Everyone has the right to an education. This right is guaranteed by the free and widespread system of schools, semi-boarding and boarding schools and scholarships of all kinds and at all levels of education, and because of the fact that all educational material is provided free of charge, which gives all children and young people, regardless of their family’s economic position, the opportunity to study in keeping with their ability, social demands and the needs of socio-economic development.
Adults are also guaranteed this right, and education for them is free of charge, with the specific facilities regulated by law, by means of the adult education program, technical and vocational education, training courses in State agencies and enterprises and the advanced courses for workers.
Everyone has the right to physical education, sports and recreation.
Enjoyment of this right is assured by including the teaching and practice of physical education and sports in the curricula of the national educational system and by the broad nature of the instruction and means placed at the service of the people, which makes possible the practice of sports and recreation on a mass basis.
Citizens have freedom of speech and of the press in keeping with the objectives of socialist society. Material conditions for the exercise of that right are provided by the fact that the press, radio, television, movies and other organs of the mass media are State or social property and can never be private property. This assures their use at the exclusive service of the working people and in the interest of society.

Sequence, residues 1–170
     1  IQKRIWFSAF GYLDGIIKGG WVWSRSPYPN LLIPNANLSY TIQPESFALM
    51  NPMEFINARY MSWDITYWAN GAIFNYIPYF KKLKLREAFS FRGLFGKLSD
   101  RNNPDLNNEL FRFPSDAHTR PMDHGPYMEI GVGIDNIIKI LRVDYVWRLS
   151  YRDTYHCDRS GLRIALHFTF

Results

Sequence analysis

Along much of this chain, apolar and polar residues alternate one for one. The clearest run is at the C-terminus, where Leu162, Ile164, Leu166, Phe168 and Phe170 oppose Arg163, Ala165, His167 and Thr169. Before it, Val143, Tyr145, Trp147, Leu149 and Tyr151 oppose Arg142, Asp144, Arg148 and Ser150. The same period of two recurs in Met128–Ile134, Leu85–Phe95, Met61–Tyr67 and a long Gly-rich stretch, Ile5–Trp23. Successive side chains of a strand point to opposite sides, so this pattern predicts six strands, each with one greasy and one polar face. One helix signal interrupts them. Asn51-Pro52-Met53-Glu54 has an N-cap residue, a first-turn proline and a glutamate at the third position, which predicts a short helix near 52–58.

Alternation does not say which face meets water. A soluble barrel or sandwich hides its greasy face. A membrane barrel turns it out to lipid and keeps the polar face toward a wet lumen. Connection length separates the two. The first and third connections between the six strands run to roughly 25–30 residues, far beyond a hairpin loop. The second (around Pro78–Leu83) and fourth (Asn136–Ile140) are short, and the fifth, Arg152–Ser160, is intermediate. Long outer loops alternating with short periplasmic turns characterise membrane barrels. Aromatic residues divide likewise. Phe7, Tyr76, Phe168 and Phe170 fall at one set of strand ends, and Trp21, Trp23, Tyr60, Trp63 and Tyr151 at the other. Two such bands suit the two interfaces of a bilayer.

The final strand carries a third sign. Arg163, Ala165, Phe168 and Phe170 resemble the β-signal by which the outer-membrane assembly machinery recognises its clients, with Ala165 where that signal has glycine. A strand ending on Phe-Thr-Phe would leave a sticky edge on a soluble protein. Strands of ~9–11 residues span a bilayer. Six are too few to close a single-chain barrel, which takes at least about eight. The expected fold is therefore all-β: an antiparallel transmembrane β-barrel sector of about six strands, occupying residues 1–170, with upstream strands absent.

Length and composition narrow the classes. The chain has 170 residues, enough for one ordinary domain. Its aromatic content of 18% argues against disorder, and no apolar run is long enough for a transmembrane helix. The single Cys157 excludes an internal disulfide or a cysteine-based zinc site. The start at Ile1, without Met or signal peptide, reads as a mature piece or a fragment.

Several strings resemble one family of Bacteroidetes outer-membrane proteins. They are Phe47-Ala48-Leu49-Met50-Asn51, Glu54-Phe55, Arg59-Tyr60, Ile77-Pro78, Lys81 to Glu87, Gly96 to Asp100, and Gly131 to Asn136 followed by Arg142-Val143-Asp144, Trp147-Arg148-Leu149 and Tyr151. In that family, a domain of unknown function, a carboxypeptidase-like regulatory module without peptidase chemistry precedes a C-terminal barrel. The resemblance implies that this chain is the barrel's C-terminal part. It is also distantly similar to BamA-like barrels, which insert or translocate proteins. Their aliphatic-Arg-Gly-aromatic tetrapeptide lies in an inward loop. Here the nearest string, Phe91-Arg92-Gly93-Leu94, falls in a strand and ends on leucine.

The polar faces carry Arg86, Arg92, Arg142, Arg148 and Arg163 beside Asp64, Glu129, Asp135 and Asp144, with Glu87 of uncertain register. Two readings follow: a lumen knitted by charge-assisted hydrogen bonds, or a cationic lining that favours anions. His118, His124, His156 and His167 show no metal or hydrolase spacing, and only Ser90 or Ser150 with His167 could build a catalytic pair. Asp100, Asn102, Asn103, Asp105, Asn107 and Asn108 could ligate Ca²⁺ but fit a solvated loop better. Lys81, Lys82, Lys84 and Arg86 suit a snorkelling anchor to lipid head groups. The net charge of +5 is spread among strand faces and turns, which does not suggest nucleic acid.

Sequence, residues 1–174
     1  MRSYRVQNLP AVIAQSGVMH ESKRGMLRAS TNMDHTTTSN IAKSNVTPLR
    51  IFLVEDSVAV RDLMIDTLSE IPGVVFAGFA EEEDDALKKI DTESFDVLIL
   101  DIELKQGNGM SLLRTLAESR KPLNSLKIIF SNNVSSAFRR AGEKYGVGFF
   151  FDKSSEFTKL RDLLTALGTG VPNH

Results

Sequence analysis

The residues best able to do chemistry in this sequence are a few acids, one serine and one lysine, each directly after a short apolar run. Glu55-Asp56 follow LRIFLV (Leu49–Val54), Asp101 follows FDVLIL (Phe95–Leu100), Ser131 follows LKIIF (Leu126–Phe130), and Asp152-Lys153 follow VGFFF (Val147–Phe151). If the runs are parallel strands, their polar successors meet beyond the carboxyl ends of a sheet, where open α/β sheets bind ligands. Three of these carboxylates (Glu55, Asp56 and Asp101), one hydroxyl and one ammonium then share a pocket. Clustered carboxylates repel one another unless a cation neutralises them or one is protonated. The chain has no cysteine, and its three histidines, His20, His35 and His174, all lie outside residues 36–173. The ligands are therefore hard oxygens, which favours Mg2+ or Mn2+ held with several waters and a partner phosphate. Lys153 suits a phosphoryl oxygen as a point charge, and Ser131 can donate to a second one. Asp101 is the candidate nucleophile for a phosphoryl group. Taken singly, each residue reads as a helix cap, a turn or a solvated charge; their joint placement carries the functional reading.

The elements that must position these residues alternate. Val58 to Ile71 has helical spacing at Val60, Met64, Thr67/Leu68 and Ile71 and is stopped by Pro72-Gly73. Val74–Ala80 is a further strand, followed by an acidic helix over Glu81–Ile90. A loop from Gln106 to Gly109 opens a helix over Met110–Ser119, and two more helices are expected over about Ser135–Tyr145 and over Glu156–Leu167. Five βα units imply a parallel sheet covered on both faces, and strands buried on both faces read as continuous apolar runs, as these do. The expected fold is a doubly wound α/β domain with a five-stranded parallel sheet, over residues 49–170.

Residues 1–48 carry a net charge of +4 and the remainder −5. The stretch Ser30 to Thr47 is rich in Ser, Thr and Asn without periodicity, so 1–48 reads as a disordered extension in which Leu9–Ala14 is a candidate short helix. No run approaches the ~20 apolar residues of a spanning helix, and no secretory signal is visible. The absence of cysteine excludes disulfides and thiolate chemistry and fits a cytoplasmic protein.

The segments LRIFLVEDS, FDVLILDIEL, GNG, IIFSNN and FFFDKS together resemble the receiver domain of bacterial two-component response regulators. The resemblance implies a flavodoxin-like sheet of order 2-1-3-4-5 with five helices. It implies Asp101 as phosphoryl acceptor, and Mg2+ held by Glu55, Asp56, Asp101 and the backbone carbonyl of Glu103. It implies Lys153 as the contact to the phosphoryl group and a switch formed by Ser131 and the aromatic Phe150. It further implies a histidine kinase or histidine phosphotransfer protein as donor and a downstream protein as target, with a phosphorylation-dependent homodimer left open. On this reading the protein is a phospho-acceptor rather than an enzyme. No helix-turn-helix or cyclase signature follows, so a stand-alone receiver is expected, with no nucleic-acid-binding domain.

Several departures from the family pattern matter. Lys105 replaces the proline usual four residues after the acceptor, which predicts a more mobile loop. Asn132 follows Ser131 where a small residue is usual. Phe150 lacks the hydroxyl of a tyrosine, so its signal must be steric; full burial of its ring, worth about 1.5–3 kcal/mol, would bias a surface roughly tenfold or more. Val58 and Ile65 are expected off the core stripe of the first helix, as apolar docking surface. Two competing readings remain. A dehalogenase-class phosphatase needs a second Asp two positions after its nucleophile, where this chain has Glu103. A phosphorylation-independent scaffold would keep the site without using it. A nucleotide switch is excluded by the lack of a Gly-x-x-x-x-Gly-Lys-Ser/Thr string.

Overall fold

The law regulates the exercise of these freedoms.
The rights of assembly, demonstration and association are exercised by workers, both manual and intellectual; peasants; women; students; and other sectors of the working people, [rights] to which they have the necessary ability (los medios necesarios) to exercise. The social and mass organizations have all the facilities they need to carry out those activities in which the members have full freedom of speech and opinion based on the unlimited right of initiative and criticism.
The State, which recognizes, respects and guarantees freedom of conscience and religion, simultaneously recognizes, respects, and guarantees the freedom of every citizen to change religious creeds, or not to have any; and to profess the religious worship of their choice, with respect for the law.
The law regulates the State’s relations with religious institutions.
The home is inviolable. Nobody can enter the home of another against his will, except in those cases foreseen by law.
Mail is inviolable. It can only be seized, opened and examined in cases prescribed by law. Secrecy is maintained on matters other than those which led to the examination.
The same principle is to be applied in the case of cable, telegraph and telephone communication.
Freedom and inviolability of persons is assured to all those who live in the country.
Nobody can be arrested, except in the manner, with the guarantees and in the cases indicated by law.
The person who has been arrested or [who is a] prisoner is inviolable in his personal integrity.
Nobody can be tried or sentenced except by the competent tribunal by virtue of laws which existed prior to the crime and with the formalities and guarantees that the laws establish.
Every accused person has the right to a defense.
No violence or pressure of any kind can be used against people to force them to testify.
All statements obtained in violation of the above precept are null and void, and those responsible for the violation will be punished as outlined by law.
Confiscation of property is only applied as a punishment by the authorities in the cases and by the methods determined by law.
Penal laws are retroactive when they benefit the accused or person who has been sentenced. Other laws are not retroactive unless the contrary is decided for reasons of social interest or because it is useful for public purposes.